Visits to the Ololosokwan Primary School

July and August 2008

Asilia’s Suyan Camp moves into two locations during its ten month operating season. From December- April (our green season) it is sited just outside the Ngrongoro Conservation Area near the village of Piaya. From June through to November this small camp of only 6 tents operates just outside the Serengeti’s Klein’s gate. In both locations guests can walk, night drive and spend quality time with the Maasai villagers. One of the more interesting and enjoyable things to do out of Suyan is to visit the local schools.

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During July and August of 2008, with my safari guests, I visited the Ololosokwan Primary School on a number of occasions. 900 kids are crammed into a few classrooms and most teachers have up to 90 children to a class. With almost no resources these teachers try their hardest to at least give the children a chance at some sort of education and over the past 10 years this school has grown from 175 kids that were mostly male to today’s nearly 50-50 split between boys and girls. This is a major achievement and deserves praise. The safari industry has helped with 4 camps now providing substantial funds for village development projects which include this lively and dynamic school. Classroom construction, teacher accommodation, text book and stationary supplies have been aided by the income from safari camps.

Such joy from a few bubblesSuch joy from a few bubbles

Meeting the teachers Meeting the teachers

 

The kids love to talk with guestsThe kids love to talk with guests

and Sam joins the classand Sam joins the class

Lunch is servedLunch is served

Suyan Camp now generates more funds than all the others and Asilia’s Honey Guide Foundation(external link) can take a lot of the credit for organizing these Community Based Conservation projects (CBCP’s). Many guests are so taken by the children and the needs of the school that they want to contribute in some way or other. Having done a fair share of organizing donations to local schools, I know how complex this can all be and the many things that can go wrong. Channeling donations through The Honey Guide Foundation has simplified such things and a recent donation of ten thousand US dollars by one of my safari guests will go a long way to relieving some of the constant cost burdens the school suffers. This donation pays for a full year’s stationary needs and the much needed 100 new school desks to alleviate the problem of 3-4 kids sitting at one desk!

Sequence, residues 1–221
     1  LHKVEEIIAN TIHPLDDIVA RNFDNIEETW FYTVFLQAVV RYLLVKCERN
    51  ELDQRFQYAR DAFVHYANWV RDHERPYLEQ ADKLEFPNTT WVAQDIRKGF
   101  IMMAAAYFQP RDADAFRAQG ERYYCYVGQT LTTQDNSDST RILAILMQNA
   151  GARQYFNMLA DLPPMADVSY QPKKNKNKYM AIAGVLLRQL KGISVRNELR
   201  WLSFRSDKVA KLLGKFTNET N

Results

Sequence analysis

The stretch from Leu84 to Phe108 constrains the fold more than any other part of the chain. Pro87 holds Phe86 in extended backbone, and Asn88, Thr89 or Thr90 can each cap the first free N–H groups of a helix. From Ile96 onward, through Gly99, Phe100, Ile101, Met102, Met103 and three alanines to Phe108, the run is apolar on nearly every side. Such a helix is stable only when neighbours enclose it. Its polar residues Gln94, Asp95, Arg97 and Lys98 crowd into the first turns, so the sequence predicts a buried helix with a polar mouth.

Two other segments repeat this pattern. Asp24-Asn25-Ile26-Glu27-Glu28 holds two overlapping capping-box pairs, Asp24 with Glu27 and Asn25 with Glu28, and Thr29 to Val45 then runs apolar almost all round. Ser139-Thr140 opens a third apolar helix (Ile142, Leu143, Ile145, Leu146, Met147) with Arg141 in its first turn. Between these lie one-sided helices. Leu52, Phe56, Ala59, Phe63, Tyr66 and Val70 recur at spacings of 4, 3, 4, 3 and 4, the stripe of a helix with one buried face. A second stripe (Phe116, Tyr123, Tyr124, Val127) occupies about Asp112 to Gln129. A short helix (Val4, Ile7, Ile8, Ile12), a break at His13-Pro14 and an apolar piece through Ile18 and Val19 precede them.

The children are fed at the school as well and this lifts a burden for the poorer families. Many of these well behaved and enthusiastic children walk 5-10 miles a day to get to school and I am humbled by their desire to learn every time I visit. They just deserve better. No Western child should complain about their school once they have visited such a place! Certainly it is one of the greatest gifts a parent can give their child - to travel on safari and visit such a school. Many of the funds generated and raised overseas for the schools of Africa get wasted; too many funds don’t reach the kids and improve their lot. The Honey Guide Foundation is working on that and will ensure that the ten thousand dollars Geoffrey (my guest) donated will get spent on exactly the things the head teacher asked for. Well done Geoffrey. Maybe some more paintings will appear on the classroom walls!

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Make someone’s day today- blow them a bubble!